Sexed success powers progress

Thomas Steele chats with NI Sales Manager John Berry
Thomas Steele chats with NI Sales Manager John Berry

Putting the cows first on any dairy operation is almost certainly the route to successful dairying! As the old adage goes… if you look after the cows the cows will look after you!

This is certainly a key strategy for the Steele Family, of Rowreagh Farms, Kircubbin, Co Down.

William and Rosemary started their own dairy business in 1980 with 120 cows, but now with their sons Samuel and Thomas, numbers total over 500 cows put through a 60-point rotary parlour and milked three times a day… in just two hours! The herd currently averages an impressive of 10,500kgs of milk sold per cow, at 3.98% butterfat and 3.23% protein.

The herd has grown and developed dramatically in recent years, and this expansion has been aided by using Semex SEXXED™ semen across the herd. Sires were chosen with milk yield / type / milk constituents / increasing disease resistance in mind, and included Sandyvalley Afterburner and Croteau Lesperron Unix. Now the aim is to make further rapid progress to 600 cows, again using the fast track genetic benefits that sexed semen brings. Helping the farm to narrow down the choice of sires is Semex advisor John Berry, using the firm’s SemexWorks™ sire selection program.

The herd’s fertility had been outsourced in recent years, but costs were mounting and the fertility was not at a level that justified the cost, believed Thomas. The lack of precise timing of inseminations, plus an overuse of straw at a whopping 3.5 per pregnancy made the system increasingly financially unstainable, especially when using a premium product like sexed semen. Now, though, a comprehensive re-evaluation of the breeding strategy and the adoption of a new daily fertility regime has brought the straw use down to 1.9 per pregnancy. This is a saving of 1.5 straws, which adds up to an annual saving of 750 straws. This is worth several thousand pounds in savings over the course of a year.

“Success comes through a partnership of our vet, Jason Graham, who is a fertility expert, our nutritionist Keith Agnew from United Feeds and our Semex consultant, John Berry,” Thomas states. “The secret to getting results from sexed semen is not just one factor it’s a combination of a number of factors and experts all working together to cover heat detection, feeding, condition at breeding, and dry cow management,” he adds. Technology also plays a part, states John Berry: “Our SEXXED™ semen is produced under license using SexedUltra™ and it’s the best sexing technology available. We are seeing conception rates on cows comparable to those achieved on maiden heifers. The success of the product is seeing demand growing year on year,” he adds.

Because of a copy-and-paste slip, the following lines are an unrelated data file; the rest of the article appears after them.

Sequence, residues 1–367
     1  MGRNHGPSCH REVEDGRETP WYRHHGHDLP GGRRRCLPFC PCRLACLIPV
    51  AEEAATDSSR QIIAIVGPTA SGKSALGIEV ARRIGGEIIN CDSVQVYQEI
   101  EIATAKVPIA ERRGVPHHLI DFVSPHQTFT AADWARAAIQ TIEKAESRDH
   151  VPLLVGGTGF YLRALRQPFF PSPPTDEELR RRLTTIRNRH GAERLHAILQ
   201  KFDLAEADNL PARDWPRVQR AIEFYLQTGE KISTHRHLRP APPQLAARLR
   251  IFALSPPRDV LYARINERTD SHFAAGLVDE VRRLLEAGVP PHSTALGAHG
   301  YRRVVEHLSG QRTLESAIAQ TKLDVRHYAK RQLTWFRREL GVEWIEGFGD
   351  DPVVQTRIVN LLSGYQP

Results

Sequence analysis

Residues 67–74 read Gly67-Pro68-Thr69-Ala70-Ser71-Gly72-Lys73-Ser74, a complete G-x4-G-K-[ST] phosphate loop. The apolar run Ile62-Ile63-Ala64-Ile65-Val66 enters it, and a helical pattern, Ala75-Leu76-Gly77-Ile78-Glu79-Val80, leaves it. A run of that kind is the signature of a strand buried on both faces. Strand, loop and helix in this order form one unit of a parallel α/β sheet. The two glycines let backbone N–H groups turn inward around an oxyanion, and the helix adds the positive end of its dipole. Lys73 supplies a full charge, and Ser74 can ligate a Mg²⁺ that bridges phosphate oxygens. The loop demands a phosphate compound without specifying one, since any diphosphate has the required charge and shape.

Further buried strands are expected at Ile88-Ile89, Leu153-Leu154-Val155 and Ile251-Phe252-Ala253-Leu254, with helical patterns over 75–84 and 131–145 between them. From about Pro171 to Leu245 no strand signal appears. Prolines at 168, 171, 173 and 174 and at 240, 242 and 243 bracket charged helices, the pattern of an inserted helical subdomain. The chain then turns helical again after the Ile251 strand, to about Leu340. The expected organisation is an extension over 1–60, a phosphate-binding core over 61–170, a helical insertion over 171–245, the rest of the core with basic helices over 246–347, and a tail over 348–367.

Heat detection is now assisted by the software that is integrated into the parlour. The cows are condition scored, weighed and recorded as they exit the parlour, for example. When the cows are on heat a list is generated and checked at every milking. If a cow is in heat she will be served – but ONLY if she has a positive energy balance and is gaining weight. If a bulling cow is in a negative energy balance, and losing weight, she won’t be served.

Also boosting the fertility is the use of phosphate glycol in the parlour for freshly calved cows. When they join the herd they are given 100ml of it sprayed straight onto their parlour ration for two days. This “oral sugar” acts as an energy boost and reduces the risk of ketosis. The aim is to serve the cows at around 50 days, and to this end the cows are checked at 21 days, and again three weeks later. If they are not cycling they are placed on an off-sync program.

The calving season begins from mid-August and carries on to the end of March. This creates a more relaxed approach to calving rather than one with over-loaded stresses created by a tight calving pattern, says Thomas. “The herd has little or no disease or calving related diseases like LDAs, he says. Previously it was common to have 14 to 15 LDAs each year, but now we may have two and last year we had none.”

Dry cow management is also a key part of the process. Dry cows must have a condition score of 2.5 to 3, he insists. Nutrition plays a critical part in this.

Going forward the farm will be focusing on breeding to improve the herd’s feet and legs and udder conformation, followed by SCC and fertility. To assist with this John will be increasingly using the latest breeding technology available from Semex - the Optimate™ breeding program. This creates a herd specific index to ensure that sires that match Thomas’ criteria always come to the fore. He will also be looking to the long-term to address the herd’s antibiotic usage by using Immunity+ sires.